Nkrumah’s vic­tory in elec­tions and out­flank­ing the Ashanti, in­formed Bri­tish cre­ation of re­gional gov­ern­ments in Nige­ria and balka­nis­ing the sin­gle colo­nial sky over Nige­ria’s politi­cians. In Sene­gal, a bril­liant strat­egy by Leopold Senghor of hold­ing vil­lage-to-vil­lage talks with re­li­gious lead­ers, won pres­i­den­tial elec­tions for twenty years even though he was a Chris­tian in a coun­try in which 90 per cent of the pop­u­la­tion are Moslems. Julius Kam­barage Ny­erere, who shared with Senghor at­tributes of com­ing from tiny eth­nic and re­li­gious bases, ben­e­fited from coun­try­wide trav­els and imag­i­na­tive use of com­monly spo­ken Swahili lan­guage to make all na­tion­al­i­ties ready for his call for free­dom.

Africa’s anti-colo­nial politi­cians were bril­liant in com­bat­ing im­pe­rial bu­reau­cra­cies while lack­ing even rudi­men­tary think-tanks and fi­nan­cial re­sources; trav­el­ling on des­per­ately poor roads and rail­ways. Nkrumah, Tafawa Balewa. Senghor, Jomo Keny­atta, Ny­erere were literary also writ­ers and po­lit­i­cal the­o­rists. Nkrumah - as­sisted by Ge­orge Pad­more, Ras Makon­nen and W.E.B. Dubois from the African Di­as­pora in the Amer­i­cas and the Caribbean - broad­cast his vi­sion of a United States of Africa across the con­ti­nent with books, pam­phlets and panAfrican football matches by Ghana Black Stars.. Ny­erere trans­lated Shake­speare’s plays ‘’Julius Ceaser’’ and ‘’Mer­chant of Venice’’ into Swahili for lo­cal read­ers. Keny­atta pub­lished ‘’Fac­ing Mount Kenya’’, a sub­ver­sive an­thro­po­log­i­cal work on his Gikuyu peo­ple.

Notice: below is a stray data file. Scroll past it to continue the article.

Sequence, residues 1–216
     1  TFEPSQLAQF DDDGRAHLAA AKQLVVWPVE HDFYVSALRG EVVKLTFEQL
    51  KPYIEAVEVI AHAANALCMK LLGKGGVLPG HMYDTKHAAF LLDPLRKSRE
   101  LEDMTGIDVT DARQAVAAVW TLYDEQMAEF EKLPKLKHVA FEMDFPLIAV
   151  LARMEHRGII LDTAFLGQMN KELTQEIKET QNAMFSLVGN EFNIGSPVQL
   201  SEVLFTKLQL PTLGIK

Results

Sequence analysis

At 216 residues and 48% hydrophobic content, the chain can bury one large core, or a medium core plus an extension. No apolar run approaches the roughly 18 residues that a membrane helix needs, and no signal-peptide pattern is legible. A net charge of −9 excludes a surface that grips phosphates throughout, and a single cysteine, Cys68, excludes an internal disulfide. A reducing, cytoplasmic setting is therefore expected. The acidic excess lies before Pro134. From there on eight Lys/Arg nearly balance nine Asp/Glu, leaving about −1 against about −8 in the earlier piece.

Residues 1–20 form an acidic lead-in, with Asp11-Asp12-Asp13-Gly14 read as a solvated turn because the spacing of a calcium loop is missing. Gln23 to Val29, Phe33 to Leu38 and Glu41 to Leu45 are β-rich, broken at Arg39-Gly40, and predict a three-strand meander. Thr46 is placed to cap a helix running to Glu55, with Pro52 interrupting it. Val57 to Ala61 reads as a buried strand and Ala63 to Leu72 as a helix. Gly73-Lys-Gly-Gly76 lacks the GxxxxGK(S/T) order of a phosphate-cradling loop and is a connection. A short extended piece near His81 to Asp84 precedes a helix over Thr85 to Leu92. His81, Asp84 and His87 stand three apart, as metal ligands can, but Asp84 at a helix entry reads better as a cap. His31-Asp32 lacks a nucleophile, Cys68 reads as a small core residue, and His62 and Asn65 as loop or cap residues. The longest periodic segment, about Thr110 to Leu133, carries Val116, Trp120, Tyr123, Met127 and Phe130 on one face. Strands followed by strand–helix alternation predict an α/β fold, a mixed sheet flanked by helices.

African politi­cians must re­vive this tran­sAfrican in­tel­lec­tual broad­cast. Me­les Ze­nawe of Ethiopia came to lead Africa’s voice over ne­go­ti­a­tions about Cli­mate Change pol­i­tics. Be­fore him, Balewa, Wil­liam Tub­man of Liberia, and Ah­madou Ahidjo of Camer­oun pushed for the cre­ation of the Or­gan­i­sa­tion of African Unity, OAU, a his­toric diplo­matic in­ven­tion in global diplo­macy. Nige­ria’s draft of its char­ter won the day.

There was lit­tle aware­ness of Ja­pan’s prac­tice of us­ing its tra­di­tional re­li­gious and core po­lit­i­cal phi­los­o­phy to mould in­dige­nous in­dus­tries, cor­po­rate gov­er­nance and ed­u­ca­tion sys­tems to fuel her catch­ing up with, and over­tak­ing, Euro­pean economies. To fire the imag­i­na­tion of Africa’s youth, this in­tel­lec­tual lazi­ness and par­a­sitism must be aban­doned.

Me­les Ze­nawe, Yow­eri Mu­sev­eni, Paul Kagame and Isa­ias Afew­erki (in Eritrea), turned to bar­rels of guns to mil­i­tarise po­lit­i­cal de­bate and dis­lodge bru­tal gov­ern­ments. Each has shown ex­tra­or­di­nary cre­ativ­ity in po­lit­i­cal en­gi­neer­ing, while sit­ting on ex­plo­sive op­po­si­tion ecolo­gies.

There is a new deadly diplo­macy that uses di­rect vi­o­lence to dis­in­te­grate coun­tries and hu­mil­i­ate their politi­cians. Egypt, South Su­dan, Cen­tral African Re­pub­lic, So­ma­lia and Kenya are hit. It has wrecked Syria, Libya and Iraq. African politi­cians pre­vi­ously suf­fered coups by armed forces that never fought for in­de­pen­dence. A red flag car­ry­ing ‘’TWO TERM LIM­ITS’’ flut­ters fa­tally over the ge­nius of African politi­cian; ig­nor­ing op­tions of trans-African ini­tia­tives by politi­cians for mould­ing the growth of Africa’s pol­i­tics of na­tion-build­ing. For politi­cians, Aluta Con­tinua!